Mark Turgeon has earned the Maryland head coaching job, but now the real work begins. Now he has to figure out how to go about replacing a legend.
Mark Turgeon has agreed to become the next Maryland basketball head coach. But does he know what he's getting himself into? He's joining a program that has the second-most ACC wins in the past 12 years. A school that, prior to last season, had the longest running streak of postseason play in the conference. A fanbase that expects to go to the NCAA Tournament every single year.
Fortunately, that's something that Turgeon has some experience with. He's taken his Texas A&M Aggies to the Tournament in all four of his years as head coach in College Station. Unfortunately though, he hasn't taken them past the second round.
Most of all though, the head coach position at the University of Maryland will pose a challenge because Turgeon will have to replace a legend in Gary Williams. Williams’ tenure as head coach of the Terrapins touched four decades. And interestingly enough, Williams’ roller coaster ride story at Maryland started and ended with players who shared his last name, but no family relation.
Walt Williams saved the University and may have saved its coach’s job when he elected to stay and play for Gary despite the Terrapins receiving major sanctions from the NCAA. Had Walt departed when coach Bob Wade was fired, or when Wade’s violations were uncovered and punished, Gary’s career may have never gotten off the blocks. But Walt stayed, and the rest is history.
Gary’s coaching career ended with another Williams: sophomore power forward Jordan Williams, who by most accounts is leaving college at least one year too early. With Williams on board for another year, Terrell Stoglin continuing to improve and newcomers Nick Faust and Sterling Gibbs set to join the team, the 2011-12 season could have been a big one for Maryland. It could have been Gary’s one last run.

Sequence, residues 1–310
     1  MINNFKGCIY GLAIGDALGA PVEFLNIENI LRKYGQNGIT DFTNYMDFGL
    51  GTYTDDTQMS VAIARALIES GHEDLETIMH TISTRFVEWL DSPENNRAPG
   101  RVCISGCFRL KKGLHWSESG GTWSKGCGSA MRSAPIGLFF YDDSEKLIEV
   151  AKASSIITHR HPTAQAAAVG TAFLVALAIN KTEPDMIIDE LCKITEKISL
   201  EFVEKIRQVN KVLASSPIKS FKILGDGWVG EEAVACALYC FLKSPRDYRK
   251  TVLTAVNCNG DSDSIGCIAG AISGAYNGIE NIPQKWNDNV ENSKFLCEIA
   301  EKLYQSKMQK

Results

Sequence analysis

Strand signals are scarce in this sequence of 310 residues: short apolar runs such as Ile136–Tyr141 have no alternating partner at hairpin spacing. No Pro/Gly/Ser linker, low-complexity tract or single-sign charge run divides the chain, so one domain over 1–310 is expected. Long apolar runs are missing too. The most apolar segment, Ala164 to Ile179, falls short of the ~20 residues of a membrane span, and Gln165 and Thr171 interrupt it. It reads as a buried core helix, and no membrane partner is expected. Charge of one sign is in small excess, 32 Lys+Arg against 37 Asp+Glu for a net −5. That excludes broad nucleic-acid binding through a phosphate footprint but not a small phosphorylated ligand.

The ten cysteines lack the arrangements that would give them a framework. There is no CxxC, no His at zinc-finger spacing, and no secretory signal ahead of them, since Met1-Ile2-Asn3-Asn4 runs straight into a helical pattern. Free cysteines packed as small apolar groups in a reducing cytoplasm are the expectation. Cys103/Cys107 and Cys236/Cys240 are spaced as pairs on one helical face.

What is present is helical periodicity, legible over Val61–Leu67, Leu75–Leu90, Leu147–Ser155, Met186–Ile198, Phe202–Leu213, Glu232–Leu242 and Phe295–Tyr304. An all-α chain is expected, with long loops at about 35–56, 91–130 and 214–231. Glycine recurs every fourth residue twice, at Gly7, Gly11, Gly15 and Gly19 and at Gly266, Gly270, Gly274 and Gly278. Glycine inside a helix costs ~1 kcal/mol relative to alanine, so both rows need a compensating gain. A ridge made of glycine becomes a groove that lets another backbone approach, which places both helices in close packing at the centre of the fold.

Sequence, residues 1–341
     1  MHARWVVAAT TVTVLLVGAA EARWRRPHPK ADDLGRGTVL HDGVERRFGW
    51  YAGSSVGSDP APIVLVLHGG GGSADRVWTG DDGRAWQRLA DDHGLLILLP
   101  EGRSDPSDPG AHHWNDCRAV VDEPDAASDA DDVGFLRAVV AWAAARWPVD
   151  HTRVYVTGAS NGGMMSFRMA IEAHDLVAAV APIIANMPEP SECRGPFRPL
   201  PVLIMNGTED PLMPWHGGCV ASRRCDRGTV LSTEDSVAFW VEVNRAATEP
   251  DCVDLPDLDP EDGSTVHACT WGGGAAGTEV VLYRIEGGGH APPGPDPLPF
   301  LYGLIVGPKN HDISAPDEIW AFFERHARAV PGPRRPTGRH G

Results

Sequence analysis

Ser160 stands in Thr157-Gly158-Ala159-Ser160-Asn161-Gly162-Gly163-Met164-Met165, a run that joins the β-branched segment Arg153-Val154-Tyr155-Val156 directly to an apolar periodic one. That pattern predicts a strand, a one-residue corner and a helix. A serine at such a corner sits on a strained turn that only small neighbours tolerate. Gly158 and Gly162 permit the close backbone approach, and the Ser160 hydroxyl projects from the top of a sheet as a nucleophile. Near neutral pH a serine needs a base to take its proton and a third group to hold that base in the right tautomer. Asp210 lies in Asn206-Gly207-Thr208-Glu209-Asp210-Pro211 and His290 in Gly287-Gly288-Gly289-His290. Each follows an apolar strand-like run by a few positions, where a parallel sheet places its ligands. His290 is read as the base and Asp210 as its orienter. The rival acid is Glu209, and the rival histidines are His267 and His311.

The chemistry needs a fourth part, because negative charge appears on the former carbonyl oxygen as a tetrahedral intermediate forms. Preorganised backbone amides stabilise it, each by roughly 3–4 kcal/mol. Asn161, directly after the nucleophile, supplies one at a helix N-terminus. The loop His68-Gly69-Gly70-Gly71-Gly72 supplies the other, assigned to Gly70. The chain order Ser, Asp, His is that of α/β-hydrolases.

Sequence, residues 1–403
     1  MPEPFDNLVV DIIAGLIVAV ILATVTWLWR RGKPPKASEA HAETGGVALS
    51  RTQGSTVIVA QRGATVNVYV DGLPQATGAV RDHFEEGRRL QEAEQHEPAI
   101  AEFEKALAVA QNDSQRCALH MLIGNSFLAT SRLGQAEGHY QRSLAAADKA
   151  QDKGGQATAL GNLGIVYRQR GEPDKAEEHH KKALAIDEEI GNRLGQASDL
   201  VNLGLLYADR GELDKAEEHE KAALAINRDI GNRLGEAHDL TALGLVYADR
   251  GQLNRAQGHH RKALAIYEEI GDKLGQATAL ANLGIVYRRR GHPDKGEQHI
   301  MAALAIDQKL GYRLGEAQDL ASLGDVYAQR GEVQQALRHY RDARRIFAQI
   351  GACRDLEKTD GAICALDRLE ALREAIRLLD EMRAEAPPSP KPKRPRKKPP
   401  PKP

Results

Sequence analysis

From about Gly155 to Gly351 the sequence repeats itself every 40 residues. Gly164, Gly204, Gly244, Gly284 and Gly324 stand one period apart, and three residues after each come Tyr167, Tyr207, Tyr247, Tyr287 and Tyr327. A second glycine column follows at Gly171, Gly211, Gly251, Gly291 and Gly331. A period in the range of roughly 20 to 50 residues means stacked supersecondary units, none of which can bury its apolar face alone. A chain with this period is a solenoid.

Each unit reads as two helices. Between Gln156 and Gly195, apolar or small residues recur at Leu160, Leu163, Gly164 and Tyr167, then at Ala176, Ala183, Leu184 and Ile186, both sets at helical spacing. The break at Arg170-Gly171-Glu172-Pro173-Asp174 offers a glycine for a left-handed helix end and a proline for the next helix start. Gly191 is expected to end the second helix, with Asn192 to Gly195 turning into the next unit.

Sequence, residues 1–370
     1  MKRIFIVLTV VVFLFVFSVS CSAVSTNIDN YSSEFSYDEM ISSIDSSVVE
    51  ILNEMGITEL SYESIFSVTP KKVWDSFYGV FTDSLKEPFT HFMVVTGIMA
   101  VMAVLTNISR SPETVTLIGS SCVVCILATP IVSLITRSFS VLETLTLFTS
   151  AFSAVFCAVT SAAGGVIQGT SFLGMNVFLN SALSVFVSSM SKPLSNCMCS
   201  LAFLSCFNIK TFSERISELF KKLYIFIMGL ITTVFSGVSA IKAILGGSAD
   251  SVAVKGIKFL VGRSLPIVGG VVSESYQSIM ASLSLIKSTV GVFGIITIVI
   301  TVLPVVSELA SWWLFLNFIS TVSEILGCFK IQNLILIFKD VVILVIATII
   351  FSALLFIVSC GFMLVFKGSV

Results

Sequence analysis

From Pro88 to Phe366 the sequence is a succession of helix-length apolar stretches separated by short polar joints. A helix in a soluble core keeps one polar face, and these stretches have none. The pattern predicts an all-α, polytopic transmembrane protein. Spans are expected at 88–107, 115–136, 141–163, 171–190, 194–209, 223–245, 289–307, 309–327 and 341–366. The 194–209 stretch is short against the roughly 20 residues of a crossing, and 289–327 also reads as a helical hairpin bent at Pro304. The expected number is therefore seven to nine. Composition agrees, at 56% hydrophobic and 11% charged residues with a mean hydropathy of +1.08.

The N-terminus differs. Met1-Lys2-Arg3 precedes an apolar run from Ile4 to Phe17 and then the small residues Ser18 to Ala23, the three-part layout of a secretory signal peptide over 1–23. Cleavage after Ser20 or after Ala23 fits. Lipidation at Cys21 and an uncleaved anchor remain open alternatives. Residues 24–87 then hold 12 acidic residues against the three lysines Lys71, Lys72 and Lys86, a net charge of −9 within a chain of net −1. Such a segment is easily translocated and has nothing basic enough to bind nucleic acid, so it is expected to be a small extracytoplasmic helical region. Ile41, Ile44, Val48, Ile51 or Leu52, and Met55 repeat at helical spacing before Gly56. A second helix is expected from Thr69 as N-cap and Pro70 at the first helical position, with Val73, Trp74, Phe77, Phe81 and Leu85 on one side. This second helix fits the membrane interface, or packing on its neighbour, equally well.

Unfortunately, Jordan’s announcement last week that he would not be returning to college was a crucial blow to Maryland’s hopes. The coach indicated that his star’s decision to leave early had no bearing on his decision to retire, but the timing is still awfully convenient, and it’s hard to imagine that the man who wears his heart on his wet sweaty sleeve didn’t have at least some kind of emotional reaction of disappointment to see his shot at "one last run" disappear.
Williams took the Maryland basketball program from its absolute lowest point to its absolute highest, from the depression of a two-year postseason ban, to the calls from fans for Earl Badu to enter the 2002 NCAA Tournament Final as the Terrapins began to pull away from the Indiana Hoosiers.
Turgeon will have giant shoes to fill. Not just because of Williams’ results on the court, but because of what he helped build. The University of Maryland should erect a statue for Gary Williams, and it should probably be bigger than that statue that they’ve already erected for Jim Henson and Kermit the Frog.
With Turgeon, Terrapins fans are getting a legit head coach. He's got the necessary experience and he's earned the opportunity to prove himself at the next level, going 97-40 in four years of coaching at Texas A&M. He may not have gotten past the second round of the NCAA Tournament with the Aggies, but he did take the Wichita State Shockers to the Sweet 16 in 2006, knocking off the No. 2 seeded Tennessee Volunteers in the process. He's been an underdog before.
Turgeon may not have been Athletic Director Kevin Anderson's top choice, but he's definitely qualified. And the Terrapins probably didn't have much of a chance of landing Brad Stevens, Jay Wright, Sean Miller or Mike Brey anyway. Let's be honest: Maryland isn't quite a top tier school. It's not Duke or Kentucky. Maryland is in the second tier, but so is Villanova. So is Arizona. Its not a big enough step up (and probably not a big enough raise) for a coach to uproot his family and leave behind a program that he's helped build. Maryland was never going to get a superstar head coach.
That's okay though. Because Gary Williams wasn't exactly a superstar head coach when he accepted the job in College Park either. He did just fine anyway. With some luck, and unequaled energy, Turgeon can do the same.